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Treatment / Biliary Drain and Stenting

Biliary interventions treat blockages or narrowing of the passages between the liver, gallbladder and small intestine called bile ducts. If the bile ducts become blocked, it can lead to inflammation or infection. Biliary drainage and stenting are procedures that can treat your condition and restore the flow of fluids.

Am I a Candidate for a Biliary Intervention?

When you come in to be treated, your doctor will talk to you about your medical history and perform diagnostic testing, which may include computed tomography (CT) scanning, ultrasound and magnetic resonance imaging (MRI).

When the bile ducts are occluded (blocked), bile cannot leave the body and builds up. Most often, patient’s skin will appear jaundice (yellow in color); other symptoms can include itching, nausea and tiredness.

What to Expect from the Drain Procedure

When you come in for your procedure, you will either have local anesthesia with sedation, or general anesthesia – whatever you and your vascular and interventional radiologist (VIR) have discussed. Under image guidance your doctor will pass a thin needle through the skin into the liver and then into a bile duct inside the liver. A contrast agent or dye will be injected to outline the bile ducts and a thin wire is passed through the center of the needle into the bile duct and a drain tube is inserted over the top of the wire.

One end of the drain tube will remain in the bile duct and the other end will stay outside the skin where it will be attached to a drain bag.

What to Expect from the Stent Procedure

During a stent placement procedure a small plastic or metal tube is placed inside a duct to help it remain open or to bypass an obstruction and allow fluids to drain internally.

Under image guidance your doctor will pass a needle through the skin into the liver and then into a bile duct inside the liver. If a blockage is found, a catheter may be temporarily left in the liver to drain bile into the small intestine or a collection bag outside the body. A stent will be placed in a narrow portion of a bile duct to help keep it open, a balloon tipped catheter can also be used to help expand a narrow duct. The stent will remain in place.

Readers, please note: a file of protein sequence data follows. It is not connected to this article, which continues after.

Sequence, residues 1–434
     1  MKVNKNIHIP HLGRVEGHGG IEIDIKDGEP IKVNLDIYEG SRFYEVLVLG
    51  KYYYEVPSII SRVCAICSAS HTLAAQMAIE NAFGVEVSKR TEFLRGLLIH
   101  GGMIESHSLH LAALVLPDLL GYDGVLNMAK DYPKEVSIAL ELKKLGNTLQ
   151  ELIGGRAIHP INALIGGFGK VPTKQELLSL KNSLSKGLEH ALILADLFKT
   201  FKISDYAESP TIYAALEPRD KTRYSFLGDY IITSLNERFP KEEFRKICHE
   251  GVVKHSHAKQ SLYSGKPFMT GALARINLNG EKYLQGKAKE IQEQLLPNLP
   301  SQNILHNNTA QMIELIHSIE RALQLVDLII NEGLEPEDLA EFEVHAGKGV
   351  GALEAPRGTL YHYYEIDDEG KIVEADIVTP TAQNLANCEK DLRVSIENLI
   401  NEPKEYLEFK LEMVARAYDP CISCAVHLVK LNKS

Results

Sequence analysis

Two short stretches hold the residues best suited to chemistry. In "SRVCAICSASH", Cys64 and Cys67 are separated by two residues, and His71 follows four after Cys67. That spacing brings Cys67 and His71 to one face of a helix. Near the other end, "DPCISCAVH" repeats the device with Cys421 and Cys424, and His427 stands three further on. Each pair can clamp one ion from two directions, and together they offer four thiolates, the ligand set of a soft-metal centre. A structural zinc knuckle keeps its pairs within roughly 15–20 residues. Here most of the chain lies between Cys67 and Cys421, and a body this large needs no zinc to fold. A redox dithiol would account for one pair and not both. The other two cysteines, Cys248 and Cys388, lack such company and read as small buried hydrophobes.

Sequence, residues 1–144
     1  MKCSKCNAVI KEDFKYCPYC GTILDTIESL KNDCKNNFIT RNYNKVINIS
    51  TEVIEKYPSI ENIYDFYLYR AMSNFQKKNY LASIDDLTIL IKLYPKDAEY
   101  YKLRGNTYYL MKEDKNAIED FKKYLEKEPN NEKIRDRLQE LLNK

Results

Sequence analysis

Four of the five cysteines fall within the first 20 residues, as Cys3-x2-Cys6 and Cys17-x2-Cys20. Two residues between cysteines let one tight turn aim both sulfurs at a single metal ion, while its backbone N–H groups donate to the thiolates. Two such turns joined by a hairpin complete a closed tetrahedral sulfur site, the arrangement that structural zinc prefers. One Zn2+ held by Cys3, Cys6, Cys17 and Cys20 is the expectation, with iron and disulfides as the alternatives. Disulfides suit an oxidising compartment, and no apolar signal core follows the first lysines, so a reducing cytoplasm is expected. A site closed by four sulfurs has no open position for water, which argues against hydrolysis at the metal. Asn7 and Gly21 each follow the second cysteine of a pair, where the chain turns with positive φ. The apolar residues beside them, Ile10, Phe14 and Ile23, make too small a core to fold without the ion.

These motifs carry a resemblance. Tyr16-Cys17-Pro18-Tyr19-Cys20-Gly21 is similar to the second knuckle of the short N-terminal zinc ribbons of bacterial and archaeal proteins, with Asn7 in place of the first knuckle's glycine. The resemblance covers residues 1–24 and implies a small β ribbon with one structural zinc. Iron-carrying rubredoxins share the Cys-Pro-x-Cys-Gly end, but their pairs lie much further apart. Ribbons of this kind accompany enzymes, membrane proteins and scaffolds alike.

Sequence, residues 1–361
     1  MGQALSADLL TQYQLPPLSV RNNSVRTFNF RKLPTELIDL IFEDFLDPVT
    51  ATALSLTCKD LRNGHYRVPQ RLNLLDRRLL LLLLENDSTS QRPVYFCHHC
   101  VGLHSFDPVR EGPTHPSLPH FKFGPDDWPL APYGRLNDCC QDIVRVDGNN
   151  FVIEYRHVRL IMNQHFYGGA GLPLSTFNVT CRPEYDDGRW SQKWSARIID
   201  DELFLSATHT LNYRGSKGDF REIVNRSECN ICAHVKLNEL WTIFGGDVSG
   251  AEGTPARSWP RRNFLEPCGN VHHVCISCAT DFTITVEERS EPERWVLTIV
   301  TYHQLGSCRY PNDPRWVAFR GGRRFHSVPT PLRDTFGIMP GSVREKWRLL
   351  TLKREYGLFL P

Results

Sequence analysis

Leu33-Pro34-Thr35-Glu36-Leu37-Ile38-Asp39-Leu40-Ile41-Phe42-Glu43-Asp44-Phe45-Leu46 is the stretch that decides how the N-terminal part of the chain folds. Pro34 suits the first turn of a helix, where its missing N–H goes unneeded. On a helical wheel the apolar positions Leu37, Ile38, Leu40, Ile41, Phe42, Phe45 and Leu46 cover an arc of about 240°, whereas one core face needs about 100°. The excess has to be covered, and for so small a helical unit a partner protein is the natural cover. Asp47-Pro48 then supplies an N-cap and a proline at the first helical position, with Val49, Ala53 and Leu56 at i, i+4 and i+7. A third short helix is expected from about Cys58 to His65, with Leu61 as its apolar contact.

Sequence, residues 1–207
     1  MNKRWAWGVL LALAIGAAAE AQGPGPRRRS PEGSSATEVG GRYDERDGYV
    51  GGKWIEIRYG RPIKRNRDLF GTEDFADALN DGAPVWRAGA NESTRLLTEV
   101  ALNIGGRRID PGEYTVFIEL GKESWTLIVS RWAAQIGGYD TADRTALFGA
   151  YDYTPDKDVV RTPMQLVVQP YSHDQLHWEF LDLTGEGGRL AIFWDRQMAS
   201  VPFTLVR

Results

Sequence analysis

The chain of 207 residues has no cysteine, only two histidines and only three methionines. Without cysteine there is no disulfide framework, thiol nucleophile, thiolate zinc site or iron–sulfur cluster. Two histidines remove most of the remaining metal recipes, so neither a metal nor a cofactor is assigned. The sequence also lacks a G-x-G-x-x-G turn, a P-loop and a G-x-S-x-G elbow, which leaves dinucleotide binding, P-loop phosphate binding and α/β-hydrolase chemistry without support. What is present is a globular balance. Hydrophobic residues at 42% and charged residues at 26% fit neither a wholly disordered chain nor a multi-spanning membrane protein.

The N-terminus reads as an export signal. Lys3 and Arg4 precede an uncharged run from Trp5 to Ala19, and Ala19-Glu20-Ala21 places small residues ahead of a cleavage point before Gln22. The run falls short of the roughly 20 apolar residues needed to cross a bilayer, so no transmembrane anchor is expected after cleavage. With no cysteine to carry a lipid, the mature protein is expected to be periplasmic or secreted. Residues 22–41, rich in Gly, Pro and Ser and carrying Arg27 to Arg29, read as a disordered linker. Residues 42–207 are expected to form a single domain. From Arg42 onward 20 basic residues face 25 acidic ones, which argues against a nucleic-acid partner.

Biliary interventions are typically performed as an outpatient procedure and take about an hour. After your treatment, you will rest in a recovery area for a while before being sent home. In most cases, patients can resume normal activities within a few days. Patients may experience some initial discomfort where the tube was inserted through the skin; this is typically managed with simple pain relieving medications.

If you have had a drain placed you will be advised on the care, including how frequently it needs to be emptied.

Whether or not you are a candidate will depend on your diagnosis and consultation with your interventional radiologist. But if you have been diagnosed with a biliary obstruction and are looking for a safe, minimally invasive solution, endovascular procedures may be the answer for you. Call IVC today at 503-612-0498 to schedule an appointment for a consultation.

* This information about Biliary Drain and Stenting was reviewed by Dr. Jason R. Bauer. If you have any questions, please don’t hesitate to contact us using the form below.

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We are announcing that Interventional and Vascular Consultants will be closing as of March 10, 2023.

We would like to thank you for the trust you have given us over the years, participating in your healthcare needs has been a privilege.

To assist in a smooth transition to a new provider, you may access your records from your MyHealth account or request a copy of medical records by clicking the link below and completing the Release of Information form.

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Please know that we have greatly valued our relationship with you and wish you the best.


Jason Bauer, MD RVT
Michael Pfister, MD RVT

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